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Publisher's Summary

When their mother catches their father with another woman, 12-year-old Blessing and her 14-year-old brother, Ezikiel, are forced to leave their comfortable home in Lagos for the village of Warri in the Niger Delta to live with their mother’s family. Without running water or electricity, Warri is at first a nightmare for Blessing. Her mother is gone all day and works suspiciously late into the night to pay the children’s school fees. Her brother, once a promising student, seems to be falling increasingly under the influence of a group of violent local teenage boys calling themselves freedom fighters. Her grandfather, a kind if misguided man, is trying on Islam as his new religion of choice and is even considering the possibility of bringing in a second wife.
But Blessing’s grandmother, wise and practical, soon becomes a beloved mentor, teaching Blessing the ways of the midwife in rural Nigeria. Blessing is exposed to the horrors of genital mutilation and the devastation wrought on the environment by British and American oil companies. As Warri comes to feel like home, Blessing becomes increasingly aware of the threats to its safety, both from its unshakable but dangerous traditions and from the relentless carelessness of the modern world. Tiny Sunbirds, Far Away is the witty and beautifully written story of one family’s attempt to survive a new life they could never have imagined, struggling to find a deeper sense of identity along the way.
©2011 Christie Watson (P)2011 Blackstone Audio, Inc.
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Critic Reviews

“An excellent novel. It takes the reader deep into the reality of ordinary life in Nigeria and is also funny, moving, and politically alert.” (Giles Foden, award-winning author of The Last King of Scotland)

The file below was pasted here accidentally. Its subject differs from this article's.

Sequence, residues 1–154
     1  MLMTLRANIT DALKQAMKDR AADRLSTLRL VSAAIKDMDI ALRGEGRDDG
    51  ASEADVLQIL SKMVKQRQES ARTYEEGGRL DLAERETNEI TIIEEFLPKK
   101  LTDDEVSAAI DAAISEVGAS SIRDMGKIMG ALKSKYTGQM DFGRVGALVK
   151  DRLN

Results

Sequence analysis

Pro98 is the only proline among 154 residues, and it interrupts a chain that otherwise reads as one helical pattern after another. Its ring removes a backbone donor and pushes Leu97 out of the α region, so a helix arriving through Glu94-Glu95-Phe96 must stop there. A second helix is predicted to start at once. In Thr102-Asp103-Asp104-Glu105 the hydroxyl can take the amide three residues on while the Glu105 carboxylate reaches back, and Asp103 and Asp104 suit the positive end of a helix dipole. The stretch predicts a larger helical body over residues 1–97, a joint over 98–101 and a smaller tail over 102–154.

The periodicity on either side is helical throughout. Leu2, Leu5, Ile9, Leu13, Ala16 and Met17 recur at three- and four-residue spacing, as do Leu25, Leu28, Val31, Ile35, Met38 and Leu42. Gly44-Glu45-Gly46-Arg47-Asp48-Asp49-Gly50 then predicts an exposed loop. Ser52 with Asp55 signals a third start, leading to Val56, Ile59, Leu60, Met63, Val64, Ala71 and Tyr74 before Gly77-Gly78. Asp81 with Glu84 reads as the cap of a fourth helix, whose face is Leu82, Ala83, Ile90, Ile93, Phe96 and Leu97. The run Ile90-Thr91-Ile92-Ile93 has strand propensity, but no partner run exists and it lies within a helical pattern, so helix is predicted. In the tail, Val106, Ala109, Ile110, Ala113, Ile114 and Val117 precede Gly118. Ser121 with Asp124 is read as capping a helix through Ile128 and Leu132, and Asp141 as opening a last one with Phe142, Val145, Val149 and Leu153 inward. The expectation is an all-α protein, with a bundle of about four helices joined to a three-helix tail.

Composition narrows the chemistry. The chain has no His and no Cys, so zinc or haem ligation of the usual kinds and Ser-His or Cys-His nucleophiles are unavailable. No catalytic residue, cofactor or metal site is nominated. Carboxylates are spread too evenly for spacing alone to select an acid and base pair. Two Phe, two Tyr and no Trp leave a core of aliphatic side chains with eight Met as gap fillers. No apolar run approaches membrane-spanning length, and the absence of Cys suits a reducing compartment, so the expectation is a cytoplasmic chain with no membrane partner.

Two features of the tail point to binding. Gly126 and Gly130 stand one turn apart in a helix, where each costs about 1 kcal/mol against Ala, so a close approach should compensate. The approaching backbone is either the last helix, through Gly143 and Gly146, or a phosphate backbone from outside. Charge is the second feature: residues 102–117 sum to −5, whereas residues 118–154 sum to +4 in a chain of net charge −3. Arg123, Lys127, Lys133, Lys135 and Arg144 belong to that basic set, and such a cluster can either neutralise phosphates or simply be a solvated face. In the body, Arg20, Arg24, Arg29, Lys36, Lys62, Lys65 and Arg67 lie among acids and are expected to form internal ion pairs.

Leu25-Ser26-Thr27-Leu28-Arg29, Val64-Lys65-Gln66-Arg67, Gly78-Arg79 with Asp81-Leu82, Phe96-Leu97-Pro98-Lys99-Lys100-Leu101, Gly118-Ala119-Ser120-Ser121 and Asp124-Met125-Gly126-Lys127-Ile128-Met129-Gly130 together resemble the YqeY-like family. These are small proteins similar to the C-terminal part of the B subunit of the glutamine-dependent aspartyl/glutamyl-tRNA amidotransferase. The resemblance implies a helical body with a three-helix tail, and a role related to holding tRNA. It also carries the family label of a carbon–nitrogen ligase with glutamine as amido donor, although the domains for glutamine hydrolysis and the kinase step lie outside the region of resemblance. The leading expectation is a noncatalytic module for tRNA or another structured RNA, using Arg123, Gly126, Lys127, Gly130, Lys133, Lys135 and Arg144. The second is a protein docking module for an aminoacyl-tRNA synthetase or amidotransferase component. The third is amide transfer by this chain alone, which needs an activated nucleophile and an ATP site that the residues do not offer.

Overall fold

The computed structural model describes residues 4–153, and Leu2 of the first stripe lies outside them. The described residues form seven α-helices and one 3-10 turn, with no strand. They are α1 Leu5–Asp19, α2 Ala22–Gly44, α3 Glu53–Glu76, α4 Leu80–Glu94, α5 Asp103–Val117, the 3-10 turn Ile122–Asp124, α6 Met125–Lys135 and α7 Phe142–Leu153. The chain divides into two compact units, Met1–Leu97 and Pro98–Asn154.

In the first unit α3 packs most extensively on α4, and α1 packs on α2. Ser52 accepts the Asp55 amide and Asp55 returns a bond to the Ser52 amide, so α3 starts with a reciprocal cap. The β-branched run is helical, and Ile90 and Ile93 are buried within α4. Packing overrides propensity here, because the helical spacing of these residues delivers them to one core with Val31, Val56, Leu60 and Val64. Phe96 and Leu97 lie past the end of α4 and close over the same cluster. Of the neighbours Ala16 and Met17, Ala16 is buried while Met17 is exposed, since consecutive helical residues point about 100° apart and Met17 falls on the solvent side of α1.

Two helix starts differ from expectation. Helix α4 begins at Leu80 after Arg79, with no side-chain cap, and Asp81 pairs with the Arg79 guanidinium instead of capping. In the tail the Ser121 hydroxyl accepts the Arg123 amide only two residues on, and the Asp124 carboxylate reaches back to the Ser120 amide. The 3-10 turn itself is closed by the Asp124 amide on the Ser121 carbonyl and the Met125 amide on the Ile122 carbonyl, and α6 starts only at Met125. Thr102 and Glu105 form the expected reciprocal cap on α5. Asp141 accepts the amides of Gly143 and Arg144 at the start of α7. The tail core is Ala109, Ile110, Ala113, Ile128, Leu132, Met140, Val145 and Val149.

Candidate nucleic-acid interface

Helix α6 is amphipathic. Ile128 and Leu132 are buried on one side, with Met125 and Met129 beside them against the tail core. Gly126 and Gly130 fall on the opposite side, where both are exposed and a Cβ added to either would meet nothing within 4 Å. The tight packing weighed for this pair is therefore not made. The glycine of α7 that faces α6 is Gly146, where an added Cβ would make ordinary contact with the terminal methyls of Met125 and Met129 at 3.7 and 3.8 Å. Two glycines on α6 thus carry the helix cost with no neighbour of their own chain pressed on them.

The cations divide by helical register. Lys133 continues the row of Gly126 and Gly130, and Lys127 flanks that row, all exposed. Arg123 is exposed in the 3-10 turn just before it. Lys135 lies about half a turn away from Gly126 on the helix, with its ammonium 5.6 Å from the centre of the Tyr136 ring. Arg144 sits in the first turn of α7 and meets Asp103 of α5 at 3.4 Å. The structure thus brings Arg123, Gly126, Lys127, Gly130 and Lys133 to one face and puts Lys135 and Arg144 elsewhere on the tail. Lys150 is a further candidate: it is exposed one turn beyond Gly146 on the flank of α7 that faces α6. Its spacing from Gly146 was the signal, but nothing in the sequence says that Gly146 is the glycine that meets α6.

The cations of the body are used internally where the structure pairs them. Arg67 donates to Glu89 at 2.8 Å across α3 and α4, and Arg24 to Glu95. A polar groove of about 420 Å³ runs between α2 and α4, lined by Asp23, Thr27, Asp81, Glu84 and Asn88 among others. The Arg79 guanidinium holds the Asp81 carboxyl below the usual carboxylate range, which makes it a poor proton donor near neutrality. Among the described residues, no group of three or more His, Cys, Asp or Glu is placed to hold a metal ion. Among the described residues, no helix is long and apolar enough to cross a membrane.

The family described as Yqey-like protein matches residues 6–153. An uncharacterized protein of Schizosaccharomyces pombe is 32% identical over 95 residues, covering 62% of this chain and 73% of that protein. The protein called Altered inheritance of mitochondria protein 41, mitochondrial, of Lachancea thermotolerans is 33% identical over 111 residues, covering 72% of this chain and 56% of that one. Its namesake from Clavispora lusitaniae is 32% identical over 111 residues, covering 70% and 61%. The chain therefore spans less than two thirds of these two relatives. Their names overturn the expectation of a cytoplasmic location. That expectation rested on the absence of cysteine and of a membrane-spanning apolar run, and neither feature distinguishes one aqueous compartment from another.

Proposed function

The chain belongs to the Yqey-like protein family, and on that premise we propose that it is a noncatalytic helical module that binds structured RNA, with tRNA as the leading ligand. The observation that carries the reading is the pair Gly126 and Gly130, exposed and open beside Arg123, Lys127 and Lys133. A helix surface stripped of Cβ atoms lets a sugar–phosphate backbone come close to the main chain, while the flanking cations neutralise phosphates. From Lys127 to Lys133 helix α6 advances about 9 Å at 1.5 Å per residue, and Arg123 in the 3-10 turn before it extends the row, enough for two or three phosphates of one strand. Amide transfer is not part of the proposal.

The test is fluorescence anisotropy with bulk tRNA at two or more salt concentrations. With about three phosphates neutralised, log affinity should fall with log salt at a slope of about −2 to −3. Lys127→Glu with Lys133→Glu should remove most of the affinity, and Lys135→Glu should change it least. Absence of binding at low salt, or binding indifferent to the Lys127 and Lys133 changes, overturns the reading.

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Customer Reviews

Most Helpful
2 out of 5 stars
By ryan on 06-16-13

gather round, kiddies

so i've been listening to this as i roam around sewing... and i keep hoping it will, so to speak, get a life. but it's not, so i need to hunt down another audiobook.

i deeply dislike books where it's all narrative, where nothing is left to the reader's imagination, and this book is a very clear example of that. we are told exactly what happens, what the significance of things are, and how to feel about it (in an emotionally intense scene, people will be gripping things until they draw blood or laughing, to let you know how you're supposed to feel).

i can never pinpoint what the necessary empty space for the reader should be, and i feel bad about that... it's a negative space, defined only by the things around it. when there's too many things, there's no negative space, and that's the best i can say.

re: the audiobook version. this is where the book goes from just kind of boring to downright annoying. the book's narrator is a 12-year-old girl; the book's reader has apparently conflated "child narrator" with "read as if to a group of children at storytime." you know that voice: "my EYES were as biiiiiig as PUMPkins!!!!!!" like that. big, big mistake.

urk. can't take any more. good thing Audible allows returns.

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3 of 3 people found this review helpful

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